Shale

A natural gas well site in Washington County. The study looked at the economic benefits and the health impacts from the natural gas industry.
Reid Frazier / Allegheny Front

A new study by Carnegie Mellon University finds that in the Pennsylvania-Ohio-West Virginia region, the economic boost from shale gas drilling has been less than the cost of premature deaths caused by pollution from the industry. 

The shale oil boom that catapulted the U.S. into being the world's largest oil producer may be going bust. Oil prices are dropping amid weakening demand, bankruptcies and layoffs are up, and drilling is down — signs of a crisis that's quietly roiling the industry.

Some of the most successful companies in the oil business are household names — think Exxon Mobil or Chevron. But the boom in shale drilling has been driven by smaller, independent operators. These companies have pushed the limits of drilling technology and taken big risks on unproven oil fields.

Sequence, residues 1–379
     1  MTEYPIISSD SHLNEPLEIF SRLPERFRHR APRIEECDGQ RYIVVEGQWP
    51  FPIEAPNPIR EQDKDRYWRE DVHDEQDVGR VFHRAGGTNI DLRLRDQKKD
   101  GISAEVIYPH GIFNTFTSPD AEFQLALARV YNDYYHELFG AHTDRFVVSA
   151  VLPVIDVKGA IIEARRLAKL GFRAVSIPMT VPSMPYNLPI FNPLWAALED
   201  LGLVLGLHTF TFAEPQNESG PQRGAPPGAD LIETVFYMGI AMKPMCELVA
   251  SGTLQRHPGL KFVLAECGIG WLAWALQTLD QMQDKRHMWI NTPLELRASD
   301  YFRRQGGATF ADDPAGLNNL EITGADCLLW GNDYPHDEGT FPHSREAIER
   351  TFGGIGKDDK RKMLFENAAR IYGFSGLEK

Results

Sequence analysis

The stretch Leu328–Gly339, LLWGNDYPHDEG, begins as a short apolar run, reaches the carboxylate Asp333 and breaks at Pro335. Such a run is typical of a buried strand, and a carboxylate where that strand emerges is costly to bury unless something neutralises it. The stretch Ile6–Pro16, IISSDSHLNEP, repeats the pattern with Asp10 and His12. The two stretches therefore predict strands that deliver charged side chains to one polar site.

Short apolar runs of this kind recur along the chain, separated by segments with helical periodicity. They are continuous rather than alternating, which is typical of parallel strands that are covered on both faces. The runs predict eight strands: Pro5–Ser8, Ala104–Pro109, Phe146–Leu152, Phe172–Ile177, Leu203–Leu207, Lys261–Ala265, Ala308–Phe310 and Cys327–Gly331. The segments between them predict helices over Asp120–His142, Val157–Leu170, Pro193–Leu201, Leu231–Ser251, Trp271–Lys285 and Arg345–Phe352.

Elizabeth Heiser holds the concretion she found in her garden.
Michael De Bonis / wosu

In Columbus' Clintonville neighborhood, Elizabeth Heiser was working in her backyard when she made an unusual discovery. While removing some unwanted bushes, she found an almost perfectly sphere-shaped rock. 

A new study shows that the drilling boom in south east Ohio is not contributing as much as it could to the local economy.

One of the authors, Amanda Weinstein of the University of Akron, says part of this loss is because many of the workers in those drilling areas are spending their earnings elsewhere.

Workers move a section of well casing into place at a Chesapeake Energy natural gas well site near Burlington, Pa., in Bradford County.
Ralph Wilson / AP

A new report from a D.C.-based think tank offers insight into how Ohio's economy has weathered the post-recession years compared to other Midwest states. 

A fractionator under construction in Scio, Ohio in 2013.
Tim Rudell / WKSU

Govs. John Kasich of Ohio, Tom Wolf of Pennsylvania, and Jim Justice of West Virginia have renewed the Tri-State Shale Coalition Agreement for four more years.